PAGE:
theQR completes its coverage of the Scottish International Storytelling Festival 2023 with a look at the final Open Hearth of the run! A storytelling cabaret, the night was hosted by Fife-based word weaver Owen Pilgrim. Arrayed alongside, performance storyteller Anna Conomos-Wedlock with musician partner in tales, Rebecca Vučetić & Sami storyteller Stina Fagertun with native instrumentalist Øistein Hanssen.
First up, let me say that Open Hearth events represent one of the best ways for newcomers to discover the storytelling world. This point in case showcased 3 approaches to the art, and influences ranging from the Arctic north to the sun-bleached Greek coast, with a stop-off somewhere in Scotland.
Perhaps you’d have been entranced by Conomos-Wedlock’s precise physicality and lyrical tales, joyfully gilded by Becca’s talents on Cello, Harp and Whistle. Maybe Fagertun’s historical tales of long-remembered Scottish misadventures in the wilds of Noway, or Hanssen’s genius with all manner of mostly self-hewn woodwind instruments would have left you amazed. Or, of course, maybe Pilgrim would have astounded you with his blood sacrifice to the blackthorn bushes, or Fiona’s encounter with a mysterious, but generous race who lives beneath the earth.
Perhaps you like I, would have thought it all rather wonderful, and all the richer for its richness and diversity of voice. Conomos-Wedlock manifests her characters so very fully through a combination of slick theatricality and barely contained enthusiasm. The audience fears for the beautiful daughter of the miserly vineyard owner, cursed by him with devilish consequences, but rescued by a mother’s blessing. Vučetić proves a musical chameleon, a ready source of evocative melody and apt sound effects on demand.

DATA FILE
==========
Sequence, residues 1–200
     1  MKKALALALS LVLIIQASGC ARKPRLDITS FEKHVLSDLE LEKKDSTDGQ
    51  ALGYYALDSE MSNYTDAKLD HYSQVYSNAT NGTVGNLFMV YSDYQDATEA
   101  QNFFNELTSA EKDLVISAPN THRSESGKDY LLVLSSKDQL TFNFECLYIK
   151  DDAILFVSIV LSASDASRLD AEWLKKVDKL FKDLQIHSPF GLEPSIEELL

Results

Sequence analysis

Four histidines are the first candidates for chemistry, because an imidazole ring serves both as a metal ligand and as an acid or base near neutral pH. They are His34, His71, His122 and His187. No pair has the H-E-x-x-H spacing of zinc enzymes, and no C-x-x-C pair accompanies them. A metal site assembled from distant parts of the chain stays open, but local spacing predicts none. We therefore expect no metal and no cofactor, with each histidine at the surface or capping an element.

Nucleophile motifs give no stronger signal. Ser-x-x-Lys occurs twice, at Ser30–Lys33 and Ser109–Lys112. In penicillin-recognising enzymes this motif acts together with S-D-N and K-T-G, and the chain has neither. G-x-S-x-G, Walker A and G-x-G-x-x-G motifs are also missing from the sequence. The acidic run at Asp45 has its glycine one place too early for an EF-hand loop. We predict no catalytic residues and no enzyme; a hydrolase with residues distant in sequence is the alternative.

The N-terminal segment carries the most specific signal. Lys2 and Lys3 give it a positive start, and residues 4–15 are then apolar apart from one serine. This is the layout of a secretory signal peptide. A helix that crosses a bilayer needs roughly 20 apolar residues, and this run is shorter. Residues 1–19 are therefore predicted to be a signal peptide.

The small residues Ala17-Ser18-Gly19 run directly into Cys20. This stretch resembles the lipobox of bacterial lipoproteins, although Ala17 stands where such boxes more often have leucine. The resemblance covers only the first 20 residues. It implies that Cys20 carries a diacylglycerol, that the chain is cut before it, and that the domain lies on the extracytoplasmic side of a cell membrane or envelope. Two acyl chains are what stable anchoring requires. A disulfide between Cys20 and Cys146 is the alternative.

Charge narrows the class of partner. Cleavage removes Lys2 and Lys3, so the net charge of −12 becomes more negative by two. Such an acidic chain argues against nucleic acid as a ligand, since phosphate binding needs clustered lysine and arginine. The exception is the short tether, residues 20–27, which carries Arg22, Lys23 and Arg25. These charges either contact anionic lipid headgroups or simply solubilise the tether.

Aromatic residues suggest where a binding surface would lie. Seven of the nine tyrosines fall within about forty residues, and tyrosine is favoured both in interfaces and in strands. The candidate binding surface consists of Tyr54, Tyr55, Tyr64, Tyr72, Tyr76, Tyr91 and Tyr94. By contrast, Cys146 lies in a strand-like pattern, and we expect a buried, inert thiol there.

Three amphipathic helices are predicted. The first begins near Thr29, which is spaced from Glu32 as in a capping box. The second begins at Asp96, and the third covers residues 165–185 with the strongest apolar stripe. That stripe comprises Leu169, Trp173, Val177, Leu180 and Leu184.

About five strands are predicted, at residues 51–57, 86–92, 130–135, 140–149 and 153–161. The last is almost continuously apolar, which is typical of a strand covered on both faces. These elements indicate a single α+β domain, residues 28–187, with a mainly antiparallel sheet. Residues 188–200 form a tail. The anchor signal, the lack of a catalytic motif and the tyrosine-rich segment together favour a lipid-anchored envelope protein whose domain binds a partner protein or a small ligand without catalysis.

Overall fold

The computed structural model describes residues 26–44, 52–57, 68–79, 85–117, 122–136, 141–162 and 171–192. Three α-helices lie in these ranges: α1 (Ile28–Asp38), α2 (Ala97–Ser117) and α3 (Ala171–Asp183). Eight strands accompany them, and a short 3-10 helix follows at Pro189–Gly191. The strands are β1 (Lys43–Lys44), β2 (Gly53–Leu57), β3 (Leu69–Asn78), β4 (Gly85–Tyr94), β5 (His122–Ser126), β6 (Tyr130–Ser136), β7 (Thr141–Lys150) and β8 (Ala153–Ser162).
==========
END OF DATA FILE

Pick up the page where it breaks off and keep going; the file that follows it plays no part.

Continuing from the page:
Fagertun, small of stature, but huge of heart and storytelling passion, approaches the histories of her many times great-ancestors with honour and lively good humour. Indeed it would be fascinating to journey to Otta, Norway where locals still wear tartan to this day, thanks to the few survivors of a doomed invading army. Her second story, that of her own direct ancestors, spoke of the coming of the Kven people from Finland to Norway. It’s an honour to hear such a personal story of long ago times and the very real hardship so often sanitised by time.
Hanssen is a gem, charming, heartfelt, and endlessly interesting. His instrumental joiks are a true innovation, taking his people’s often wordless mouth musics, and translating them into a new, but sympathetic medium. When will you next hear the wind invoked by means of a flute hewn from a Hogweed stem? How long shall it be until a master Sami musician simulates bagpipes by means of two plastic recorders?
With the night very elegantly tied in a storytelling loop by Pilgrim’s well-practiced hand, there really wasn’t anything to dislike about this edition of Open Hearth. The only way these nights could be improved would be by the recruitment of a tame weather deity, and a removal to an outside space and a roaring open fire. So long as such things remain impossible, do get yourself along when next year’s Scottish International Storytelling Festival is announced. Bravo Open Hearth, Pilgrim, Conomos-Wedlock, Vučetić & Fagertun & Øistein Hanssen.
With this article concludes theQR’s coverage of the Scottish International Storytelling Festival 2023. 16 events covered, over 16,000 words written, and a lot of stars dished out. Why? This Festival is a jewel in Edinburgh’s cultural crown, and its Edinburgh HQ, the Scottish Storytelling Centre, stages some of the best-performing art seen in the city year-round. Yet with the continual retreat of the press industry, such a vital strand of the country’s cultural offering is in danger of receiving little to no coverage. With your support, be it by sharing articles, or contributing a few pennies to our Ko-Fi fund, theQR will keep flying a flag for such vital work.